40 years of Range Rover: The SUV for Prince Charles and the Pope


The off-road vehicle for Prince Charles and the Pope

40 years of Range Rover: The SUV for Prince Charles and the Pope-BMW

1 of 11

The youngest Range Rover and its origins: The LRX model (left) will be launched in 2011 as the fourth generation. Land Rover’s Defender model started in 1948.

Source: SP-X

40 years of Range Rover: The SUV for Prince Charles and the Pope-SUV

2 of 11

The 1958 Road Rover II concept study was a forerunner of the Range Rover.

Source: SP-X

40 years of Range Rover: The SUV for Prince Charles and the Pope-BMW

3 of 11

The first prototype of the Range Rover came in 1967.

Source: SP-X

40 years of Range Rover: The SUV for Prince Charles and the Pope-Land Rover

4 of 11

In December 1968 the final production version of the Range Rover was presented. At that time, its clear forms were an example of excellent design.

Source: SP-X

40 years of Range Rover: The SUV for Prince Charles and the Pope-Land Rover

5 of 11

The Range Rover stood for off-road elegance, luxury and power. Its 5-liter light-alloy V8 made it a record-breaking 160 km / h.

Source: SP-X

40 years of Range Rover: The SUV for Prince Charles and the Pope-BMW

6 of 11

Very British: Driving up to the luxury hotel in an off-roader was all the rage in 1970.

Source: SP-X

40 years of Range Rover: The SUV for Prince Charles and the Pope-Rank

7 of 11

In a Range Rover converted into a popemobile, Pope John Paul II visited Great Britain in 1982.

Source: SP-X

40 years of Range Rover: The SUV for Prince Charles and the Pope-Toyota

8 of 11

This Range Rover, converted into an expedition car, drove the Panamericana from Alaska to Cape Horn at the end of the 1980s.

Source: SP-X

40 years of Range Rover: The SUV for Prince Charles and the Pope-four wheel drive

9 of 11

The Range Rover Vogue from the late 1980s was the top model in the new four-door line at the time.

Source: SP-X

40 years of Range Rover: The SUV for Prince Charles and the Pope-four wheel drive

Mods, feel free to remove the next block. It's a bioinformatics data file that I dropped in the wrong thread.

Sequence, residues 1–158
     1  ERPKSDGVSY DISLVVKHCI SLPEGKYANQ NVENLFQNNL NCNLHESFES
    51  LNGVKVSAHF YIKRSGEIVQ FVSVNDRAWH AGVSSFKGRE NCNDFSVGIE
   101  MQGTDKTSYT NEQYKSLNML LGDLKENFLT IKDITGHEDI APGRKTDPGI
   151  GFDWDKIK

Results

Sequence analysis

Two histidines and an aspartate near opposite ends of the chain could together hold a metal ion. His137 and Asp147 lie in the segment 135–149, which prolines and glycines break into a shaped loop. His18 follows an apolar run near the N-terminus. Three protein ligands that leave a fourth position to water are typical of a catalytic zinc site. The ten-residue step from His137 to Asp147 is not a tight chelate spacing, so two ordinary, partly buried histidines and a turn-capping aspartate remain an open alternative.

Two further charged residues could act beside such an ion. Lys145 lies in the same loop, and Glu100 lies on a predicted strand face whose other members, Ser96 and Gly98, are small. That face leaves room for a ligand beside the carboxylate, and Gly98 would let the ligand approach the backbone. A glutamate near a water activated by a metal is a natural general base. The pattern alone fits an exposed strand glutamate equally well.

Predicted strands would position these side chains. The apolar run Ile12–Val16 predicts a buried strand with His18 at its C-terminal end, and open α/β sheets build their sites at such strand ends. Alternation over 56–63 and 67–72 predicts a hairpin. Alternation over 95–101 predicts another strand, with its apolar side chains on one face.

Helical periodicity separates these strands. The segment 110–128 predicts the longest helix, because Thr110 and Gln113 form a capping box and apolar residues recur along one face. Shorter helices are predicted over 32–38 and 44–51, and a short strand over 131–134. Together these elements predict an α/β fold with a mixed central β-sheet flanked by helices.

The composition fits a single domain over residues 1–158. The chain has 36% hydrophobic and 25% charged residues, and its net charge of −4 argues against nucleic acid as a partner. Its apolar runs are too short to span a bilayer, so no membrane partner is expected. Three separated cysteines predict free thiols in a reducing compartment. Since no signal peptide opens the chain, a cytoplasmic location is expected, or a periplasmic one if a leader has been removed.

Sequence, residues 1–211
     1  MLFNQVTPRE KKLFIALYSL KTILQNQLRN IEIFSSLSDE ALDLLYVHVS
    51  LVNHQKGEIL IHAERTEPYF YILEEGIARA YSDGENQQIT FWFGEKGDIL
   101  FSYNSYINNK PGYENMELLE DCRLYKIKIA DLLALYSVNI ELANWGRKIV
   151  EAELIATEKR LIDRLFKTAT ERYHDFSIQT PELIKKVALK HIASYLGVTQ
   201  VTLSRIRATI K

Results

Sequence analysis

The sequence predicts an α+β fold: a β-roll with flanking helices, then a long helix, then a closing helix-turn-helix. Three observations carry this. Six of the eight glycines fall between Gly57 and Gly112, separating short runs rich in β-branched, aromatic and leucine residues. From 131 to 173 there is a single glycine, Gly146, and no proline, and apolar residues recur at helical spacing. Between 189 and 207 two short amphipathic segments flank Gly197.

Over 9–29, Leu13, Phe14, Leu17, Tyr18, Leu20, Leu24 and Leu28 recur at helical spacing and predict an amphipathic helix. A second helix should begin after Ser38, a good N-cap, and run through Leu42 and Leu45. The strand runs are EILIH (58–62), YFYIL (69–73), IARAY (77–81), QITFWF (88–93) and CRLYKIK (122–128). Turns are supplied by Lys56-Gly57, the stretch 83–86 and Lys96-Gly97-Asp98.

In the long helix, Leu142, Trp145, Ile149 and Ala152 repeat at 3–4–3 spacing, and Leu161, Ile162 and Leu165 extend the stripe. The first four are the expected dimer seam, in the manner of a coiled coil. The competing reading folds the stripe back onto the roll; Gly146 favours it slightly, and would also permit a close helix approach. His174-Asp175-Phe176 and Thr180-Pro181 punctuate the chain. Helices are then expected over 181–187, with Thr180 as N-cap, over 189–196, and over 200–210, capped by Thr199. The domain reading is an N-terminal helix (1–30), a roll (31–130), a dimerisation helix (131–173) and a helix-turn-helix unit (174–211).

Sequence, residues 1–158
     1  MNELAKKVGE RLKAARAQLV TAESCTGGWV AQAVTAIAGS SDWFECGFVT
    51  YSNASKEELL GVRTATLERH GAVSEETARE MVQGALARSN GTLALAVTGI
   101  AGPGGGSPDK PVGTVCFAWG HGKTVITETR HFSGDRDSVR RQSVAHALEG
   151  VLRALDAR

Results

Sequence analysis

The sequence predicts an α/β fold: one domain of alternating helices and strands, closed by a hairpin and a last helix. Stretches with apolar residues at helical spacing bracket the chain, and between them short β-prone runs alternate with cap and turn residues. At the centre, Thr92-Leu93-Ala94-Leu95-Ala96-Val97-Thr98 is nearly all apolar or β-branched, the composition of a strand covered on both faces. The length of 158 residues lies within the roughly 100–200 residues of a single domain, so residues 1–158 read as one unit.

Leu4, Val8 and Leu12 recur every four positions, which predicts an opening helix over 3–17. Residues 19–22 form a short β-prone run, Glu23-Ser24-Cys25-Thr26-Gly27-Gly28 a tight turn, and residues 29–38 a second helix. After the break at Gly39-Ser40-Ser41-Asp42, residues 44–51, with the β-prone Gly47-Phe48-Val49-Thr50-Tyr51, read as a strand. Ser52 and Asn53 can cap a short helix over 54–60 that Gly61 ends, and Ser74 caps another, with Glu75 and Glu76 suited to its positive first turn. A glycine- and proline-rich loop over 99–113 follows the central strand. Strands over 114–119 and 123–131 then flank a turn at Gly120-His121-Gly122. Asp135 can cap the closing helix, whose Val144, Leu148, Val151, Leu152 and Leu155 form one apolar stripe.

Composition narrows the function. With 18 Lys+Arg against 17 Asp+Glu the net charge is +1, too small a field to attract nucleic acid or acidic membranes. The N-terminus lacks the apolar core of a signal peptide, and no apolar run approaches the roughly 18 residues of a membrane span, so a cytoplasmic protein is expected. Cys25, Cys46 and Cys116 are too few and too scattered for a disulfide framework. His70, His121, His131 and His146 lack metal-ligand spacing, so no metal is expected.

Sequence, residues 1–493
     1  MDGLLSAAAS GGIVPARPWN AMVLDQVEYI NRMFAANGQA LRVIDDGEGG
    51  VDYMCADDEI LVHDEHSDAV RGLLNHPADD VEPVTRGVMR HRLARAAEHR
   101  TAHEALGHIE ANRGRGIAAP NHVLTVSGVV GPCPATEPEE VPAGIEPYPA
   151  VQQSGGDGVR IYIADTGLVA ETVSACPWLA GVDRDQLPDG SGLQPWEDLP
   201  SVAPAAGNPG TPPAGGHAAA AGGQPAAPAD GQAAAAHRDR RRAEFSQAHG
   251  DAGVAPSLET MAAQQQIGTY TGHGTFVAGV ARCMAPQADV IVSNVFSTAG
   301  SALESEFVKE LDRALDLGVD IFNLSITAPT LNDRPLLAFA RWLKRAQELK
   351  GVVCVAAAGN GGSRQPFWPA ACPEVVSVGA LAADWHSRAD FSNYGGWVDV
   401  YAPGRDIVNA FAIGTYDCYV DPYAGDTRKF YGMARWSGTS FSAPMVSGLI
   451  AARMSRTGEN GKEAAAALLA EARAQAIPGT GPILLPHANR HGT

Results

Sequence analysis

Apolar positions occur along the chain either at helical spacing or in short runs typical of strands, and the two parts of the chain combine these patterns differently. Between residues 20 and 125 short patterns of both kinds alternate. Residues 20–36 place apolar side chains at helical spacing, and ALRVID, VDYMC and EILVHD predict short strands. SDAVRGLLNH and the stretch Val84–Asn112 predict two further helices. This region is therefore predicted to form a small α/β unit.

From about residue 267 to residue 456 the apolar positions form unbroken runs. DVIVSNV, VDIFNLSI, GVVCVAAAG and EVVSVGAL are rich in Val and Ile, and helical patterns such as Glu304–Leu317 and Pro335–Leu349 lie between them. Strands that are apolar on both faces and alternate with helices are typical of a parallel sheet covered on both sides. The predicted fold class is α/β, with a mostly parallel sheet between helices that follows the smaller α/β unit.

10 of 11

the "New Range Rover" came in 1994 under the direction of BMW. It could never convince purists, but still sold well.

Source: SP-X

40 years of Range Rover: The SUV for Prince Charles and the Pope-Rank

11 of 11

The Range Rover Sport has rounded off the classy all-wheel drive range since 2005.

Source: SP-X

Without him things would look different on our streets. The British Range Rover made the off-road vehicle socially acceptable first: the first climber in a luxury outfit delighted the royals and even the Vatican. Today he has many competitors. But basically they are all just plagiarism.

D.he Range Rover was the first off-roader in 1970. With fine equipment and a cultivated, 135 hp eight-cylinder, the elegant Brit offered the comfort of a classy sedan – combined with the mud and mud talents of classic Land Rovers. Like the workhorses Jeep, Toyota Land Cruiser, Nissan Patrol or International Harvester, the luxurious and avant-garde four-wheel drive was intended to appeal to customers who are value-oriented, but for the first time also enable stylish journeys through sand, dust and dirt. The Range Rover combined all-wheel drive with the comfort of a luxury sedan on the road.

No wonder that the versatile Range Rover was soon entrusted with state-political tasks. At first it was mainly monarchs and rulers from desert and jungle countries who relied on the representative charisma of the noble all-conqueror, but soon special and one-off productions of the Range Rover were placed in the civil service of various European countries. Britain to this day relies on the protection and safety of the off-road vehicle for the royal family.

So it goes without saying for Prince Charles to use a bulletproof armored Range Rover for the show. Even the Pope showed up in a corresponding Popemobile from Ogle on a visit to Great Britain in 1982. The former Chairman of the State Council of the GDR, Erich Honecker, allowed himself to be stalked in a tailor-made range hunting vehicle in the Schorfheide.

But back to the origins. Production of the Range Rover started in January 1970 and just five months later the off-road vehicle sparked unprecedented worldwide media excitement at the press launch in Cornwall. Land Rover was inundated with customer orders. A real black market arose, on which excessive prices were paid in order to shorten the long delivery times.

As recently as 1976, after 50,000 Range Rovers had been sold, assembly line workers urged management to invest in additional production facilities. In those years the growth seemed limitless, because serious competitors were still not in sight for the posh off-roader. And high prices, such as 23,350 marks when Germany launched in May 1972, only made the noble and fast Range Rover even more desirable – comparable to a Porsche 911 sports car, which was similarly expensive at the time.